My “Nana” was Francis Mann, who in her younger days starred in silent movies when the movie industry was located in New York. She and her sister, Alice Mann were both actresses in silent films with her sister becoming more well known with her roles as Fatty Arbuckle’s leading lady in films, acting alongside Buster Keaton. One was “His Wedding Night” available on Youtube. (She is the blonde with the wavy hair that appears with Buster Keaton in the first scene and throughout the movie.) “Auntie Alice” and “Nana” as we called them later when they were our Great Aunt and Grandmother lived in Hollywood, Florida in the 60s and early 70s and we would visit regularly. We lived with our Nana when I was a senior in High School and we visited on weekends with Auntie Alice. Mom told us stories of Fatty Arbuckle and how he’d come to visit with their fellow actors on Sundays and Arbuckle was famous for his chili. Unfortunately, there was a scandal surrounding Fatty Arbuckle that destroyed his career. Mom always contended that there was no way he did what he was accused of and he was finally acquitted after three trials. (Link to story here).
Here is a still photo from a movie set featuring my grandmother Francis Mann and an unknown actor that I decided to restore:
Here is a Youtube video showing the restoration process and the Photoshop tools used to rebuild the photo:
You can easily capture a vintage image from the internet and restore it with Photoshop and then create a Before-and-After photo. Here is a YouTube video I created showing how I did this restoration in about 10 minutes.
Here is a short YouTube video showing how I captured and restored Corporal Carter’s photo and then created a side-by-side image of the restoration.
This is my most ambitious photo restoration ever! I got this box of scraps from Carol’s mom from a drawer I opened when we helped her get ready for getting carpet installed. It is a posthumous memorial certificate for Herman Carter – Carol’s great uncle who was killed in World War 1 while sitting up in a tree. The war had just been declared over and the armistice signed, but the troops where he was didn’t know it (and the enemy didn’t know it). This is a labor of love and took many hours. The certificate was given by the French government to the U.S. soldiers who gave their life in the war and is signed by the president of France. I am not sure how to put the original back together but at least this print will be able to be framed nicely. I have tried to preserve the patina of the document. Also, it means a lot to me because my grandfather also fought in France in World War 1 and received the French Medal of Honor. I have the medal framed with the certificate which I got from my mom. My grandfather went to France when he was 17 and fought with the French before the U.S. entered the war. Maybe he and Herman knew each other! What brave men our country has had serving over many years and in many wars. And thank you to all the troops serving today!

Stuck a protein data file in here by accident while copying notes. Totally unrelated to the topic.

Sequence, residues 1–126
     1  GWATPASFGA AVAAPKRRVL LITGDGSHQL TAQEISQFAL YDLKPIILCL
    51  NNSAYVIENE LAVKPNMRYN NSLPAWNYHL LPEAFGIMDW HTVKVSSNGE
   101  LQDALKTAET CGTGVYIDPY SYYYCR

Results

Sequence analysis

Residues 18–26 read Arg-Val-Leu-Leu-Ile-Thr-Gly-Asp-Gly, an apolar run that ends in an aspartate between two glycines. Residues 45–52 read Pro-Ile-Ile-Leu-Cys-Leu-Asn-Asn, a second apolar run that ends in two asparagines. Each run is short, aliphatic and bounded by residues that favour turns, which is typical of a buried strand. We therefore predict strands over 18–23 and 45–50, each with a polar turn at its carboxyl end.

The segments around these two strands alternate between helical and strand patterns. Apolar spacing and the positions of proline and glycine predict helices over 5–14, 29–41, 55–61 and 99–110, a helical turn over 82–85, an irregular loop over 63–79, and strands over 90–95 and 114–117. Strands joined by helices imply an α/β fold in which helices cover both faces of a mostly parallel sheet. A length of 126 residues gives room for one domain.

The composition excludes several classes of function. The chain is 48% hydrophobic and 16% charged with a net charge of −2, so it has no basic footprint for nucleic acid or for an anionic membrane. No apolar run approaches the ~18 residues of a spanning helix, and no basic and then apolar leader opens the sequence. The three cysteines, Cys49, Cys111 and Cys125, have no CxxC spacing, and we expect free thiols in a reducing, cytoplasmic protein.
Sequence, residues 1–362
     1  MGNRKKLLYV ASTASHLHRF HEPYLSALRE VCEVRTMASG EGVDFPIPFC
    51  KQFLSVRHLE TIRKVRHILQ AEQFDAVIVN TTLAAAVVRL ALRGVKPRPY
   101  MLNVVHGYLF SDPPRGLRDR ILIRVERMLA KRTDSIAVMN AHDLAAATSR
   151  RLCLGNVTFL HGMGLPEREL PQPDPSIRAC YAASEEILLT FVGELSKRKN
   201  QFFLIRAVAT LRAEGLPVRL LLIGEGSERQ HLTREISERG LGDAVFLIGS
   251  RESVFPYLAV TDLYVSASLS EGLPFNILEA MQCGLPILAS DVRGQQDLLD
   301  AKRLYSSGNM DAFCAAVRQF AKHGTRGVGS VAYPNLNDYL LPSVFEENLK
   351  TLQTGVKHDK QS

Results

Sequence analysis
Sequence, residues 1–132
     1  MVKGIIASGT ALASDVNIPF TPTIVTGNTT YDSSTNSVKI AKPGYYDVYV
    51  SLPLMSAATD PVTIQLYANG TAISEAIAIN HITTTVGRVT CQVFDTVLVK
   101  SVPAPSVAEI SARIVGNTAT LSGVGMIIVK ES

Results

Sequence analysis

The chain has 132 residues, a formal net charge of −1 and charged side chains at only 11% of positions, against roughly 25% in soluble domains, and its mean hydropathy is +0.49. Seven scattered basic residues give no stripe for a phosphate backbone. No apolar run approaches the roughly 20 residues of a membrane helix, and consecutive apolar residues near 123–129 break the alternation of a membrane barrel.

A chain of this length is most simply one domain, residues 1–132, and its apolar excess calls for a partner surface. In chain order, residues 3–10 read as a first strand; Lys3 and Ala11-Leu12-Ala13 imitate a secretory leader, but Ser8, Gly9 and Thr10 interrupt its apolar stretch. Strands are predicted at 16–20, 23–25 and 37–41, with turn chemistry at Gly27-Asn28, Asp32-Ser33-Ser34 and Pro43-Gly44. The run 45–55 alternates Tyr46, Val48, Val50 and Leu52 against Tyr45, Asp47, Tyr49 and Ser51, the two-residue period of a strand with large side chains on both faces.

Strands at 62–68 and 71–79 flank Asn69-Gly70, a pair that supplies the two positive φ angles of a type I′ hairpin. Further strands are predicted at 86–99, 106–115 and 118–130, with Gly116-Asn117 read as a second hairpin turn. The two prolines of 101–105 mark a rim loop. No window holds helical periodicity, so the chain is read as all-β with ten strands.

Here is a YouTube video of the restoration project. You can scan forward if you want to see how I put together the pieces and cleaned up the document for printing:
I love photo retouching and restoration! I use PhotoShop CC (2014) and an Epson 3880 professional archival printer and archival papers to restore and reproduce your family photos or update damaged pictures. I will print several copies for you to give to family members. Email a scan, digital photo or even an iPhone photo of the original for a quote to firstname.lastname@example.org.
Here’s the process:
1. Send me a photo or scan of the image for an initial evaluation. You can then email or post a higher resolution image via Facebook, Flickr, Dropbox or another photo sharing app. Let me know how many prints and what size you’d like. I will send you a quote.
2. I will email you back a restored photo for approval.
3. When satisfied with retouching, pay by PayPal or by check. (cost is as low as $29.95 for an 8×10, depending upon the condition of the original)
4. When prints arrive, pay for prints only if satisfied.
5. Enjoy new archival quality prints for a lifetime!
A very good friend asked me to restore some treasured photos of his grandfather taken in 1906 – a postal worker in Bridgeport, Connecticut. A year later I finished them! There were more than a few challenges…some of which was the learning curve with photo restoration. As I took a step forward, I realized I needed to learn a lot more to proceed. I took a few courses, read some books, found tutorials at Lynda.com and finally felt satisfied with my skill level. I did enough trial and error with my Epson 3880 printer (high end digital archival quality) that I was abke to delivere 8 prints each of the five restored photos on archival quality rag paper. Here are the before and after’s of the restorations. So rewarding!